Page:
•
Defining Access Privileges for an SNMP Group
•
Configuring SNMPv3 Traps on a Device Running Junos OS on page 180
•
Configuring SNMP Informs on page 181
•
Complete SNMPv3 Configuration Statements
•
Example: SNMPv3 Configuration
Understanding RMON
•
RMON Overview on page 71
•
Alarm Thresholds and Events on page 72
RMON Overview
The Junos OS supports the Remote Network Monitoring (RMON) MIB (RFC 2819), which
allows a management device to monitor the values of MIB objects, or variables, against
configured thresholds. When the value of a variable crosses a threshold, an alarm and
its corresponding event are generated. The event can be logged and can generate an
SNMP trap.
An operational support system (OSS) or a fault-monitoring system can be used to
automatically monitor events that track many different metrics, including performance,
availability, faults, and environmental data. For example, an administrator might want
to know when the internal temperature of a chassis has risen above a configured threshold,
which might indicate that a chassis fan tray is faulty, the chassis air flow is impeded, or
the facility cooling system in the vicinity of the chassis is not operating normally.
The RMON MIB also defines tables that store various statistics for Ethernet interfaces,
including the etherStatsTable and the etherHistoryTable. The etherStatsTable contains
cumulative real-time statistics for Ethernet interfaces, such as the number of unicast,
multicast, and broadcast packets received on an interface. The etherHistoryTable
maintains a historical sample of statistics for Ethernet interfaces. The control of the
etherHistoryTable, including the interfaces to track and the sampling interval, is defined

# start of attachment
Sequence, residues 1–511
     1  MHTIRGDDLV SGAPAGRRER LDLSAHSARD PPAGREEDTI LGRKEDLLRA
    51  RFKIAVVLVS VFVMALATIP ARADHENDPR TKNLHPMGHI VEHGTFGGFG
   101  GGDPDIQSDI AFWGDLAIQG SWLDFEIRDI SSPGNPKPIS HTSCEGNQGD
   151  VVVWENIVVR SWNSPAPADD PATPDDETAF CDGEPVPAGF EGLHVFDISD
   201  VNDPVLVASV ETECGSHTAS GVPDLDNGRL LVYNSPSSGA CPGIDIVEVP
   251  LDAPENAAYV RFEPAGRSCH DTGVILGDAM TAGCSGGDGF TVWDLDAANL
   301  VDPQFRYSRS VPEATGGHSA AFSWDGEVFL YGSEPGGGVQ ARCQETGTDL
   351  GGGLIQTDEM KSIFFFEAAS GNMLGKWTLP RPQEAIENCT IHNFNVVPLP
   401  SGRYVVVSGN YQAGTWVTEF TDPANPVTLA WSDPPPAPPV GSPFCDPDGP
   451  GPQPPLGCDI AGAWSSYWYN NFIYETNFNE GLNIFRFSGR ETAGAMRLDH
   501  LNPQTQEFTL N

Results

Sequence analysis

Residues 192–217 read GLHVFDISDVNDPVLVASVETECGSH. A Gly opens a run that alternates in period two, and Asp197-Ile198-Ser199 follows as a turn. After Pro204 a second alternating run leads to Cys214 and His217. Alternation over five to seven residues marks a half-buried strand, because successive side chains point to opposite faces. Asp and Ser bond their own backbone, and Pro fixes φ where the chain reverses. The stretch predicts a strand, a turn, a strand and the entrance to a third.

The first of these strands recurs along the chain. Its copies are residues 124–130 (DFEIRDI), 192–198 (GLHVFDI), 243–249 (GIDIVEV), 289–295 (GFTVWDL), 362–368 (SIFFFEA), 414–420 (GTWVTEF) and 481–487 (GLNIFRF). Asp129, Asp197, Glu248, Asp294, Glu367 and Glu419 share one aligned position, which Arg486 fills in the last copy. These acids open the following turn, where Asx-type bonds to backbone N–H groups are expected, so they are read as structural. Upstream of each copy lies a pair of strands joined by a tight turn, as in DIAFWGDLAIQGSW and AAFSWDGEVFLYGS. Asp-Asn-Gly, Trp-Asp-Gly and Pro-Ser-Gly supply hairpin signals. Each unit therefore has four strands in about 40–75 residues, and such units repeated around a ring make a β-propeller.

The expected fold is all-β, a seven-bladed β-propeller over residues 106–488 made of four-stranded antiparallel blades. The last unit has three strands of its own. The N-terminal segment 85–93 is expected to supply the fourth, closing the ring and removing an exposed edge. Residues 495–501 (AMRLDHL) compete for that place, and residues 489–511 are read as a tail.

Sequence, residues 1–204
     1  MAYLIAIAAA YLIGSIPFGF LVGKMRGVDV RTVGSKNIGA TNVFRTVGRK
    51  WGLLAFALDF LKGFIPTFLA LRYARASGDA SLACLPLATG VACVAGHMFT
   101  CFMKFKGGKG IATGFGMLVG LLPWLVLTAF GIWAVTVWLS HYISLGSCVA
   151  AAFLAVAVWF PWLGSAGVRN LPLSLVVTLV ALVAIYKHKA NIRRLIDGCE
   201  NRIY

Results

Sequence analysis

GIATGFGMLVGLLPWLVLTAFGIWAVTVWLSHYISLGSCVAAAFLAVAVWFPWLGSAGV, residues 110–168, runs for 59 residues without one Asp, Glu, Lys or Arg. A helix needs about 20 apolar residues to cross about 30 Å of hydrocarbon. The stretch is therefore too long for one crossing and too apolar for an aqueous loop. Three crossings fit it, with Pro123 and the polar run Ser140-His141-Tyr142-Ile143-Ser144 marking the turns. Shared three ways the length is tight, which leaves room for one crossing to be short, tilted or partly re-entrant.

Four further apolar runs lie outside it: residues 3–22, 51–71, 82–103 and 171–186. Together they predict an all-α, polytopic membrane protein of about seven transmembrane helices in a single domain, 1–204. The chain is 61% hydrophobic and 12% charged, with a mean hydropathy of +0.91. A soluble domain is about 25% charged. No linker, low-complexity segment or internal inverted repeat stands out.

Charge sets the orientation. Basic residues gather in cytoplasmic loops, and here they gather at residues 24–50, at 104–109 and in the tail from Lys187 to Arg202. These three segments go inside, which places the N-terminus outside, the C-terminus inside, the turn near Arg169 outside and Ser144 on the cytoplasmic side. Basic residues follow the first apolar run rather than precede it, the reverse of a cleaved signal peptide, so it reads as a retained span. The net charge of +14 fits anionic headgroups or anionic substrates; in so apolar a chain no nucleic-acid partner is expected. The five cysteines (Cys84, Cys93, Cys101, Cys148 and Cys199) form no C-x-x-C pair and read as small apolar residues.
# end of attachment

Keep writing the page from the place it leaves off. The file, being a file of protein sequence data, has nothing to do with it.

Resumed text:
by the RMON historyControlTable.
Copyright © 2014, Juniper Networks, Inc.
71
Network Management and Monitoring on the QFX Series
To enable RMON alarms, you perform the following steps:
1.
Configure SNMP, including trap groups. You configure SNMP at the [edit snmp]
hierarchy level.
2. Configure rising and falling events in the eventTable, including the event types and
trap groups. You can also configure events using the CLI at the [edit snmp rmon event]
hierarchy level.
3. Configure alarms in the alarmTable, including the variables to monitor, rising and falling
thresholds, the sampling types and intervals, and the corresponding events to generate
when alarms occur. You can also configure alarms using the CLI at the [edit snmp
rmon alarm] hierarchy level.
Extensions to the alarmTable are defined in the Juniper Networks enterprise-specific
MIB jnxRmon (mib-jnx-rmon.txt).
Alarm Thresholds and Events
By setting a rising and a falling threshold for a monitored variable, you can be alerted
whenever the value of the variable falls outside the allowable operational range (see
Figure 7 on page 72).
Figure 7: Setting Thresholds
Events are only generated when the alarm threshold is first crossed in any one direction
rather than after each sample interval. For example, if a rising threshold alarm, along